According to the Los Angeles Times article published on October 27, 2014, California leads the nation in bicycle accident deaths. The LA Times article references a study by the Governors Highway Safety Association. In that study Dr. Allan Williams, found that today 84% of bicycle fatalities were people 20 years and older, vs. 40 years ago when that number was only 20%.
These numbers show us that more and more adults are riding bicycles than ever before. This is particularly true in urban areas such as Modesto, California, which boasts many impressive bicycle trails. In addition, the summertime brings upon more bicyclists which can lead to more fatalities or injuries.
If one is injured in a bicycle accident, what limitations are placed on an uninsured California bicyclist’s rights to recover damages, if he or she is hit by a car and severely injured? The calculation of damages can be complex, especially when an accident victim is an uninsured bicyclist who has not been able to pay his or her own substantial medical bills after a serious accident.
In Bermudez v. Ciolek, a bicyclist was struck in Fountain Valley, California (350 miles south of Modesto) by a car during a traffic light transition from green to red. A first driver going westbound began a left turn as a second driver traveling eastbound entered an intersection. The second driver’s car veered to the southeast corner of the intersection, striking Omar Bermudez, who was standing on the sidewalk astride his bicycle. At the time of the crash, Bermudez didn’t posses medical insurance.
The jury found both defendants had acted with negligence, but it concluded that only the westbound driver caused the bicyclist’s harm. The westbound driver was found 100% responsible for the $3,751,969 in damages.
On appeal, the driver argued this verdict was inconsistent because the jury did find the other driver negligent but didn’t assign him a percentage of fault. Alternatively, she claimed she was entitled to a new trial on damages because there was not enough evidence of the bicyclist’s reasonable medical damages. She faulted the bicyclist for relying on expenses already incurred and expert testimony, and she argued that the plaintiff’s experts needed to do more to show their testimony was based on the market value of the services.
The appellate court explained that multiple witnesses, including three accident reconstruction experts, testified at trial. The westbound driver was negligent due to factors such as the color of the light as she started to turn left, her attentiveness to traffic conditions before her, her reaction when observing the approaching vehicle, and the position of the vehicle at impact.
The appellate court reasoned that the jury credited evidence that tended to show she started her turn before the light turned red, but she wasn’t adequately monitoring the traffic approaching and then braked when she saw the eastbound driver, blocking the traffic lanes.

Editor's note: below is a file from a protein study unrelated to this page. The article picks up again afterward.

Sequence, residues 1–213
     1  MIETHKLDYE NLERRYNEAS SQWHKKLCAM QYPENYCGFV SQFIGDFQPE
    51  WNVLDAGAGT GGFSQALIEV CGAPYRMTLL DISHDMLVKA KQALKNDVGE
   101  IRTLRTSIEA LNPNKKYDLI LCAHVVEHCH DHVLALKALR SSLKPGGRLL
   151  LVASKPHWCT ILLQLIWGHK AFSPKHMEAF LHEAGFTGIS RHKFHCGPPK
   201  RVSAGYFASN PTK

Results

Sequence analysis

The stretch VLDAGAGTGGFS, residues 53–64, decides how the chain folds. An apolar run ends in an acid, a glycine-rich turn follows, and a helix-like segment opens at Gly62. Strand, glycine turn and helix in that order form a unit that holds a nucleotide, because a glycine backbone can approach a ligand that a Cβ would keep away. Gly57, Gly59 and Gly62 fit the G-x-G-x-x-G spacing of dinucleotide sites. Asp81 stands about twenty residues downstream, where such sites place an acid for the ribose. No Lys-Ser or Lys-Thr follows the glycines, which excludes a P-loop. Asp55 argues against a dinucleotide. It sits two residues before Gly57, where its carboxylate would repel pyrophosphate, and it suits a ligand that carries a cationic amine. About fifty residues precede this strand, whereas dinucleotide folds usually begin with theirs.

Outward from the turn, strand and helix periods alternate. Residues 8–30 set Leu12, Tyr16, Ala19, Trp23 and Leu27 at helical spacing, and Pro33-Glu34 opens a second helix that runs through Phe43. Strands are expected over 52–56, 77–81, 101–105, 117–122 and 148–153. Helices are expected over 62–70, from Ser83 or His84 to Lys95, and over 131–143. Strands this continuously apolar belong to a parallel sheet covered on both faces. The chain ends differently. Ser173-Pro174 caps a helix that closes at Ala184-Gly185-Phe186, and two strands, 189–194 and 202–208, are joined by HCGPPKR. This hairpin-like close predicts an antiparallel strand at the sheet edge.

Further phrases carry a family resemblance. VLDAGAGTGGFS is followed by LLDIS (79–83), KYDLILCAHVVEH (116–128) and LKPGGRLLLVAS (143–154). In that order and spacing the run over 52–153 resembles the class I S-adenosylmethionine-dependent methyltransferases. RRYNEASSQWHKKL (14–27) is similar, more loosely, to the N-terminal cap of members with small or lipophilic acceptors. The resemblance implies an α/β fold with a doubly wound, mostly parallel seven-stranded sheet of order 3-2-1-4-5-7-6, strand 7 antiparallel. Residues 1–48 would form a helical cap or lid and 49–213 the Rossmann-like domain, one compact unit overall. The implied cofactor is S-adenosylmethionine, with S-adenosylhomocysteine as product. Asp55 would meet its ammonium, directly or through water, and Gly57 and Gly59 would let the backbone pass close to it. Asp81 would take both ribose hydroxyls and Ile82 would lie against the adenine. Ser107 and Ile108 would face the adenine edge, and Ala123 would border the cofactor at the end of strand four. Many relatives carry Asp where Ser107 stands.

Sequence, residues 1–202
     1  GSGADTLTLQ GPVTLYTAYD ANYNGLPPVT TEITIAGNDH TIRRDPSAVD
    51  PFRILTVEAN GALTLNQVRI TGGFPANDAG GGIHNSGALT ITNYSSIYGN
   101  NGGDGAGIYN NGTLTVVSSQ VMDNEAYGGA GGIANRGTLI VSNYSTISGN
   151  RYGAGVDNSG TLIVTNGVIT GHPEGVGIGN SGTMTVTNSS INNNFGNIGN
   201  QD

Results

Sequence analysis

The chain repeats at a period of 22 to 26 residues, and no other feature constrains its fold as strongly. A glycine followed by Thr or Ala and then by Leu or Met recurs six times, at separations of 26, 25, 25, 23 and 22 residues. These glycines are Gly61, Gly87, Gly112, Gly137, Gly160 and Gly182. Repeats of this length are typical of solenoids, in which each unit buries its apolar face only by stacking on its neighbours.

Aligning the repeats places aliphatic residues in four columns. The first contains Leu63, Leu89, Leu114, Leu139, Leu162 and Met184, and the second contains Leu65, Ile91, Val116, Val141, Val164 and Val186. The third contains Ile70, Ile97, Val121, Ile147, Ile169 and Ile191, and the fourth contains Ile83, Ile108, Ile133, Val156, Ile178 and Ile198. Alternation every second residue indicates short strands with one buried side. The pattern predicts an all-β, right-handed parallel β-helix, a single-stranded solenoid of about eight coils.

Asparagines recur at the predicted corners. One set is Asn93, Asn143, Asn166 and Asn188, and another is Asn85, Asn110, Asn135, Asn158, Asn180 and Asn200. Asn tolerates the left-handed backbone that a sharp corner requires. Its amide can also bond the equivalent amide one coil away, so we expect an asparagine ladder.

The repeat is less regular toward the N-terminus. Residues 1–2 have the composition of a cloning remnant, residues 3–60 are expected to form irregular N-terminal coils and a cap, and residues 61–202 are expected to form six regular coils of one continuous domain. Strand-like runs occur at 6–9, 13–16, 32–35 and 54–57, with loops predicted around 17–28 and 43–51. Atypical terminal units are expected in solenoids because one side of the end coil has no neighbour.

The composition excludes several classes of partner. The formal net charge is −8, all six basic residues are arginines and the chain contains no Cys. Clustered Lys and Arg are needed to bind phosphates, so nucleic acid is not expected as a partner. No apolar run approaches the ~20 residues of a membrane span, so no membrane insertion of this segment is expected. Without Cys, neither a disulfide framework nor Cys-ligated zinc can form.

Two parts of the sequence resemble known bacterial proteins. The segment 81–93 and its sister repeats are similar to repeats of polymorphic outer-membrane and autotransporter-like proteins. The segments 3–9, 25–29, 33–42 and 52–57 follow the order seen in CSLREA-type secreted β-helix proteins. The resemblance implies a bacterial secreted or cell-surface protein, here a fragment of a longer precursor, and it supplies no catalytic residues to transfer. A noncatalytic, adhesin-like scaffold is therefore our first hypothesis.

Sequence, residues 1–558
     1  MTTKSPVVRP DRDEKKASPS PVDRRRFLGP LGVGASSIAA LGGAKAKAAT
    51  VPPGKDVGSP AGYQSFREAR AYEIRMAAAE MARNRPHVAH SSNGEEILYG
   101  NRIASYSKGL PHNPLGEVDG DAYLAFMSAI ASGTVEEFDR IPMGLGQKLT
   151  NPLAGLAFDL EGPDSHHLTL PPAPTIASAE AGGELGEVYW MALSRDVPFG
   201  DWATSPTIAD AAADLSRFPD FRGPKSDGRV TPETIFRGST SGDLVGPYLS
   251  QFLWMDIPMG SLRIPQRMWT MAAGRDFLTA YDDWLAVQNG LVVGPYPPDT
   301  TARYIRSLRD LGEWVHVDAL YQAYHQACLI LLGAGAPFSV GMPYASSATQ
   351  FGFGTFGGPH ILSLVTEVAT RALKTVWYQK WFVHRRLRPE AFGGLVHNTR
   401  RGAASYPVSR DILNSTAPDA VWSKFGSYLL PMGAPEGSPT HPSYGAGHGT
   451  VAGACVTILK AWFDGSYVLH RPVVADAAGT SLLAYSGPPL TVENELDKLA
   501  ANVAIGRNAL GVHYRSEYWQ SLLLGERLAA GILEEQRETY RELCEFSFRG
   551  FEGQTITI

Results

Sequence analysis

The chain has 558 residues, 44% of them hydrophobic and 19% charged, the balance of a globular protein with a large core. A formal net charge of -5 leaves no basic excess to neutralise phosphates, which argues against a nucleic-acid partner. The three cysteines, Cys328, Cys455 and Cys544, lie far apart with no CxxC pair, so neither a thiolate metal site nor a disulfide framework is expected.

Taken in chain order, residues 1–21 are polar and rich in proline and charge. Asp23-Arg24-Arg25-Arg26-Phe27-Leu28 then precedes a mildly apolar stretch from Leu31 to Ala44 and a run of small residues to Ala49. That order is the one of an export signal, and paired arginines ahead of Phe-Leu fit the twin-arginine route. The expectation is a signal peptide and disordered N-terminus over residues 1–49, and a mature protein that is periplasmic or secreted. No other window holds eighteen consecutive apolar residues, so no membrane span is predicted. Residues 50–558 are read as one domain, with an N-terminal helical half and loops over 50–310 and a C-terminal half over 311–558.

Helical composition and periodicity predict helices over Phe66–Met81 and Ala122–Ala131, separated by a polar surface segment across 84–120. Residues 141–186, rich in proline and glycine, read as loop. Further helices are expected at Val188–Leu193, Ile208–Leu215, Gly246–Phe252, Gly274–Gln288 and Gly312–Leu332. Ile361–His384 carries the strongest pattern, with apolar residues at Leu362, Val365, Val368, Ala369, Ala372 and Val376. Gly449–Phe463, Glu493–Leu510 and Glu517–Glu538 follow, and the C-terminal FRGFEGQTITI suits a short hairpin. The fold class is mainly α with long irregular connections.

The appellate court also explained that eyewitnesses had offered different estimates of the eastbound driver’s speed. While the accident reconstruction experts all agreed that he was going 45-48 miles per hour, they agreed his stated speed of 50 mph fit. Only the westbound driver’s expert was of the opinion that the other driver was going more than 60 mph. In general, there was no showing at trial that the eastbound driver’s car wouldn’t have ricocheted into the bicyclist had he been going slower.
The court explained that the jurors had found the eastbound driver negligent but didn’t find it a substantial factor in causing the bicyclist harm. To understand this better, the elements of negligence are (1) duty, (2) breach of duty, (3) actual and proximate cause, and (4) damages. The jury found that the eastbound driver had a duty and breached that duty, but it didn’t find element 3, which is that the breach of duty caused the accident. Since all four elements must exist to hold a defendant responsible for negligence, the appellate court didn’t consider a finding that element 2 existed inconsistent with a finding that element 3 did not exist.
With regard to the amount of damages, the court noted the bicyclist had no medical insurance and sustained multiple injuries. The bicyclist testified the amount of his bills was about $450,000 and that he couldn’t pay any of his bills. Multiple experts testified as to the future medical treatment he would need in the future, and the costs.
The court explained that there is no bright line rule in case law on how to determine the reasonable value of medical bills that uninsured plaintiffs have incurred by not paying medical bills. However, the court concluded that, contrary to the defendant’s argument, the plaintiff’s uninsured status meant that the billed amounts were relevant to what he actually incurred, unlike insured plaintiffs who only really incur the lower amount negotiated by an insurer. These amounts were also relevant and admissible with regard to the reasonable value of his medical expenses.
The court also explained that damages for past medical expenses are the lesser of: (1) what has been paid or incurred for past medical expenses or (2) the reasonable value of the services. In this case, nobody had paid for the plaintiff’s medical expenses, so the operative measure of damages was the jury’s sense of the reasonable value of the services. The court found the jury’s award slightly too high and reduced it, but otherwise it affirmed the judgment.
When a car hits a bicyclist in California and elsewhere, the results can be catastrophic for the bicyclist, while the driver of the car walks away unscathed. If you’ve suffered a bicycle accident in Modesto, the Bogan Law Firm may be able to represent you in a lawsuit for damages. Contact us at (209) 565-3425 or via our online form.
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